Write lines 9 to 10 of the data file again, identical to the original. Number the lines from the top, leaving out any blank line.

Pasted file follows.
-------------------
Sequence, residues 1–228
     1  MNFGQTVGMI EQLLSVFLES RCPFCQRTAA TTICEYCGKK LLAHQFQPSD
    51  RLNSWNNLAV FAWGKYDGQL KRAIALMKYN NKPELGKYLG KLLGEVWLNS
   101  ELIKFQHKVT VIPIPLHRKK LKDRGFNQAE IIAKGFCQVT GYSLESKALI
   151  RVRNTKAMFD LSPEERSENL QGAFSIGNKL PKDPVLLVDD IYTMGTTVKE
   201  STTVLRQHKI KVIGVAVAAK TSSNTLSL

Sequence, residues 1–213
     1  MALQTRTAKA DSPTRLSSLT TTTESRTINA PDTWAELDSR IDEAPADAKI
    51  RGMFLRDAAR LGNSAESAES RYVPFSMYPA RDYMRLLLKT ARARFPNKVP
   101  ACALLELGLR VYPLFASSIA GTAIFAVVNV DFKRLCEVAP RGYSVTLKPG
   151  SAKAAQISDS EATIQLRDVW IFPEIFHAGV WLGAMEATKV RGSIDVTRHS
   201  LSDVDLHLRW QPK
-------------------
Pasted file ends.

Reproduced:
    51  RGMFLRDAAR LGNSAESAES RYVPFSMYPA RDYMRLLLKT ARARFPNKVP
   101  ACALLELGLR VYPLFASSIA GTAIFAVVNV DFKRLCEVAP RGYSVTLKPG